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January 28, 1983 - Image 4

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Publication:
The Michigan Daily, 1983-01-28

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4

OPINION
Page 4 Friday, January 28, 1983 The Michigan Daily
Reagan joins real world, drops rhetoric

By Helen Thomas
WASHINGTON - President Reagan,
seeking to-show that he is in touch with suf-
ering America, is planning to hit the road
more often to sell his new belt-tightening
policy.
Reagan laid out a program in his State of the
Union address that spreads the sacrifice and
nakes no big promises of a quick economic
recovery.
STILL, HIS Republican cohorts were happy
to see that he is abandoning some of his anti-
government rhetoric and taking a more
pragmatic approach to the nation's problems.
House GOP leader, Bob Michel, who barely
won re-election in a hard-pressed district, ,told
reporters after getting a preview of Reagan's
programs: "I was impressed by the fact that
the president is at least living in the world of
reality."
In recent weeks, there have been a spate of
reports from Reagan insiders who maintained
;that the president was out of touch with the 12
nillion unemployed.,
R HIS AIDES are now organizing a blitz cam-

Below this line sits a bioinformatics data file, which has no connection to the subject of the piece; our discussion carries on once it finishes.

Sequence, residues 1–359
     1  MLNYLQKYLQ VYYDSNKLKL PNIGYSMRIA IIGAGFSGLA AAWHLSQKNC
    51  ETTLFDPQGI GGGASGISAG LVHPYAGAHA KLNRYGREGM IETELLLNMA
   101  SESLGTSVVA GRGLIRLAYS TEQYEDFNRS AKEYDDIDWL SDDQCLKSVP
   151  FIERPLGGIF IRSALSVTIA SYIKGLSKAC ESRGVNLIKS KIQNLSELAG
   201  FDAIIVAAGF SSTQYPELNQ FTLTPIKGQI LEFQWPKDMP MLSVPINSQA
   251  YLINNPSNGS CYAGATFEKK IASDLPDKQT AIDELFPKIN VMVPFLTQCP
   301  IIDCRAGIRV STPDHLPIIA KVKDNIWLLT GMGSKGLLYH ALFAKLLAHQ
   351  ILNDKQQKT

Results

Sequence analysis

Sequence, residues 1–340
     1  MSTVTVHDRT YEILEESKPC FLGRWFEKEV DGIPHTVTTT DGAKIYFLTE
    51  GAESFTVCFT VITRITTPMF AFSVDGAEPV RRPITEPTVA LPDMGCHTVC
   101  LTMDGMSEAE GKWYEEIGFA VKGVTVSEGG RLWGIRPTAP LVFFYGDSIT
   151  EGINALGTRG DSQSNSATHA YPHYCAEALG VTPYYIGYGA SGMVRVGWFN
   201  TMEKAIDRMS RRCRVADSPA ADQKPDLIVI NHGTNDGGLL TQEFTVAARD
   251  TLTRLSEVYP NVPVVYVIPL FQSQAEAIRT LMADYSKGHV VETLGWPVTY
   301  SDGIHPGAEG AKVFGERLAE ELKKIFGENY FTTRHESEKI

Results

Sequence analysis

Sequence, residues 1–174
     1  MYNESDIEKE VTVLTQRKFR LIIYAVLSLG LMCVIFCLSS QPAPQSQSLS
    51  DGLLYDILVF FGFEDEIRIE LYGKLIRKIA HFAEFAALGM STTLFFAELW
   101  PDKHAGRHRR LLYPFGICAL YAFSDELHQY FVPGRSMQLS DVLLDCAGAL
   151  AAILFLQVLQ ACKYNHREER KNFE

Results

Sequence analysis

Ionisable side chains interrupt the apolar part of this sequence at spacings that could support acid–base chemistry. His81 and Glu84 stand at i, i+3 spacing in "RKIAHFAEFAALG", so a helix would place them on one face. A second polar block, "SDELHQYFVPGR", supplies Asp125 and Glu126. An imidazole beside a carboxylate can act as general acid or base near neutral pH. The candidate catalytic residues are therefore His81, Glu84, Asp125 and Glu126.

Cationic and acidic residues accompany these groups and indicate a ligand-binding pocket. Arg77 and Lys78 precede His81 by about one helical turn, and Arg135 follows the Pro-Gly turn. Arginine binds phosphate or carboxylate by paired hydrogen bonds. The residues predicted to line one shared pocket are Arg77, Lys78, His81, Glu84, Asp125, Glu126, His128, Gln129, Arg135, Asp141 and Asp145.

paign to refurbish his image as a caring, com-
passionate president who is in step, and also

While insisting he will oppose any effort to
scrap the next tax cut, starting July 1, Reagan
is calling for a "standby tax" that could go into
effect in fiscal 1986 is deficits remain high.
THE FINE print on Reagan's budget
proposals for the 1984 fiscal year shows that
spending on domestic, mostly social rpograms,
will go up only 2 percent while defense spen-
ding will increase 14 percent. Budget director
David Stockman gave the figures reluctantly at
a briefing for reporters on Reagan's program.
While some praise Reagan's program, there
is no question that his refusal to make any real
dent in Pentagon spending will be up for close
scrutiny on Capitol Hill. Whether there has
been a turnaround in the president's philosophy
that government is the villain of the people
remains to be seen. Democrats stood up and
applauded when he said, "We who are in
government must take the lead in restoring the
economy."
"Normally at this point he would not have
heard that from the president," said Michel.
HE SAID that the time may now have come
when Reagan recognizes that the government
"must take the lead in restoring the economy."
Many of the lawmakers duly noted the change
in tune from his inaugural address, that gover-

nment is the "problem," not the solution.
While last year he" predicted that the natiop
would be out of its slump by now, Reagan waS
more cautious this time in forecasting an earl